Tags

Type your tag names separated by a space and hit enter

Cost-effectiveness of implantable cardioverter defibrillators in patients >or=65 years of age.
Am Heart J. 2010 Jul; 160(1):122-31.AH

Abstract

BACKGROUND

More than 80% of sudden cardiac deaths (SCDs) occur in patients >or=65 years old; the cost-effectiveness of implantable cardioverter defibrillator (ICD) therapy in older patients remains unclear. We sought to examine the cost-effectiveness of ICD therapy in at-risk patients >or=65 years old.

METHODS

We developed a Markov model to evaluate lifetime costs and benefits of ICD therapy compared with optimal medical therapy in patients >or=65 years of age with left ventricular dysfunction. Data were derived from the literature and existing clinical trials of primary prevention of SCD. Outcome measures included life years, quality-adjusted life years, costs, and incremental cost-effectiveness.

RESULTS

Benefits and costs of ICD therapy in older individuals varied widely by clinical-trial population. In the 5 trials considered, for patients >or=65 years of age, ICDs demonstrated a life expectancy benefit compared with control therapy (incremental cost-effectiveness ratios ranging from $37,031-$138,458 per quality-adjusted life year). For 75-year-old patients, the findings were qualitatively similar, although cost-effectiveness was reduced in all trial populations. In sensitivity analyses, cost-effectiveness of ICD therapy in older individuals depended upon the trial population, quality of life, device cost, and frequency of generator replacement. Sensitivity analyses on other variables did not change the results substantially.

CONCLUSIONS

The cost-effectiveness of ICD therapy for primary prevention in older patients varies widely among trials. Given an aging US population and the high risk of SCD in these individuals, further studies of ICD therapy and their cost-effectiveness-specifically in older patients-are needed.

Authors+Show Affiliations

Duke Clinical Research Institute, Duke University, Durham, NC, USA. gillian.sanders@duke.eduNo affiliation info availableNo affiliation info availableNo affiliation info available

Pub Type(s)

Comparative Study
Journal Article
Research Support, U.S. Gov't, P.H.S.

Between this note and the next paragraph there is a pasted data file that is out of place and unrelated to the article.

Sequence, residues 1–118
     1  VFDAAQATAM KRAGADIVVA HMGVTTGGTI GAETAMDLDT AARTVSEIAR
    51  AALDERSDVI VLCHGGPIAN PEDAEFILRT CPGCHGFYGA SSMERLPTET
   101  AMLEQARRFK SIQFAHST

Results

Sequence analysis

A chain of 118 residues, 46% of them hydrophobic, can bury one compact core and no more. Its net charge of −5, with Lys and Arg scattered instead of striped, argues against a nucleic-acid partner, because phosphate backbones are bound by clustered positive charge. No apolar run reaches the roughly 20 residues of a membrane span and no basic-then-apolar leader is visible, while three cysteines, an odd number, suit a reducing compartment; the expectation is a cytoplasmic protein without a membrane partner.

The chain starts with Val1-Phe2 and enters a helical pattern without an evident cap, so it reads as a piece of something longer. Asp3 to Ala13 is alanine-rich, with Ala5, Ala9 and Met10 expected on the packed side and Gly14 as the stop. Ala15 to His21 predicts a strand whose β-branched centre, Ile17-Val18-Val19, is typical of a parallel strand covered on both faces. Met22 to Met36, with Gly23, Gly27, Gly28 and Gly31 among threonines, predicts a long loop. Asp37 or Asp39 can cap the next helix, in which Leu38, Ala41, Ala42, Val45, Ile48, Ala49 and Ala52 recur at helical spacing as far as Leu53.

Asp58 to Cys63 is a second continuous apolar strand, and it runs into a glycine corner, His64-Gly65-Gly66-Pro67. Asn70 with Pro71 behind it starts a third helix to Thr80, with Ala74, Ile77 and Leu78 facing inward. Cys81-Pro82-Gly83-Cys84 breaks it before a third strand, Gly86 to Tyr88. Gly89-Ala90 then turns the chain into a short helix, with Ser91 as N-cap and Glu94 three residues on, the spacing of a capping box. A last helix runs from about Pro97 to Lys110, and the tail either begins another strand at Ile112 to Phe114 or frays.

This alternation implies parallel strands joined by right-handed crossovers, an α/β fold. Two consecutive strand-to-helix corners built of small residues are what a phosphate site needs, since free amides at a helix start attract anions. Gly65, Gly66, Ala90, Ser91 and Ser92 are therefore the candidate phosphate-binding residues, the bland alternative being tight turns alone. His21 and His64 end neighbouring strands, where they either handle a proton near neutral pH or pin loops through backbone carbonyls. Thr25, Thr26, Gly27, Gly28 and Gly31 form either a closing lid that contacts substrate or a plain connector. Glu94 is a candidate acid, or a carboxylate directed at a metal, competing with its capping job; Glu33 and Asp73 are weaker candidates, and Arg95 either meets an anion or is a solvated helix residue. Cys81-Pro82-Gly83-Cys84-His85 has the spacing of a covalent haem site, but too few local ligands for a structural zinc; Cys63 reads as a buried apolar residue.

Language

eng

PubMed ID

20598982

Citation

Sanders, Gillian D., et al. "Cost-effectiveness of Implantable Cardioverter Defibrillators in Patients >or=65 Years of Age." American Heart Journal, vol. 160, no. 1, 2010, pp. 122-31.
Sanders GD, Kong MH, Al-Khatib SM, et al. Cost-effectiveness of implantable cardioverter defibrillators in patients >or=65 years of age. Am Heart J. 2010;160(1):122-31.
Sanders, G. D., Kong, M. H., Al-Khatib, S. M., & Peterson, E. D. (2010). Cost-effectiveness of implantable cardioverter defibrillators in patients >or=65 years of age. American Heart Journal, 160(1), 122-31. https://doi.org/10.1016/j.ahj.2010.04.021
Sanders GD, et al. Cost-effectiveness of Implantable Cardioverter Defibrillators in Patients >or=65 Years of Age. Am Heart J. 2010;160(1):122-31. PubMed PMID: 20598982.
* Article titles in AMA citation format should be in sentence-case
TY - JOUR T1 - Cost-effectiveness of implantable cardioverter defibrillators in patients >or=65 years of age. AU - Sanders,Gillian D, AU - Kong,Melissa H, AU - Al-Khatib,Sana M, AU - Peterson,Eric D, PY - 2009/11/12/received PY - 2010/04/24/accepted PY - 2010/7/6/entrez PY - 2010/7/6/pubmed PY - 2010/8/18/medline SP - 122 EP - 31 JF - American heart journal JO - Am Heart J VL - 160 IS - 1 N2 - BACKGROUND: More than 80% of sudden cardiac deaths (SCDs) occur in patients >or=65 years old; the cost-effectiveness of implantable cardioverter defibrillator (ICD) therapy in older patients remains unclear. We sought to examine the cost-effectiveness of ICD therapy in at-risk patients >or=65 years old. METHODS: We developed a Markov model to evaluate lifetime costs and benefits of ICD therapy compared with optimal medical therapy in patients >or=65 years of age with left ventricular dysfunction. Data were derived from the literature and existing clinical trials of primary prevention of SCD. Outcome measures included life years, quality-adjusted life years, costs, and incremental cost-effectiveness. RESULTS: Benefits and costs of ICD therapy in older individuals varied widely by clinical-trial population. In the 5 trials considered, for patients >or=65 years of age, ICDs demonstrated a life expectancy benefit compared with control therapy (incremental cost-effectiveness ratios ranging from $37,031-$138,458 per quality-adjusted life year). For 75-year-old patients, the findings were qualitatively similar, although cost-effectiveness was reduced in all trial populations. In sensitivity analyses, cost-effectiveness of ICD therapy in older individuals depended upon the trial population, quality of life, device cost, and frequency of generator replacement. Sensitivity analyses on other variables did not change the results substantially. CONCLUSIONS: The cost-effectiveness of ICD therapy for primary prevention in older patients varies widely among trials. Given an aging US population and the high risk of SCD in these individuals, further studies of ICD therapy and their cost-effectiveness-specifically in older patients-are needed. SN - 1097-6744 UR - https://www.unboundmedicine.com/medline/citation/20598982/Cost_effectiveness_of_implantable_cardioverter_defibrillators_in_patients_>or=65_years_of_age_ L2 - https://linkinghub.elsevier.com/retrieve/pii/S0002-8703(10)00349-2 DB - PRIME DP - Unbound Medicine ER -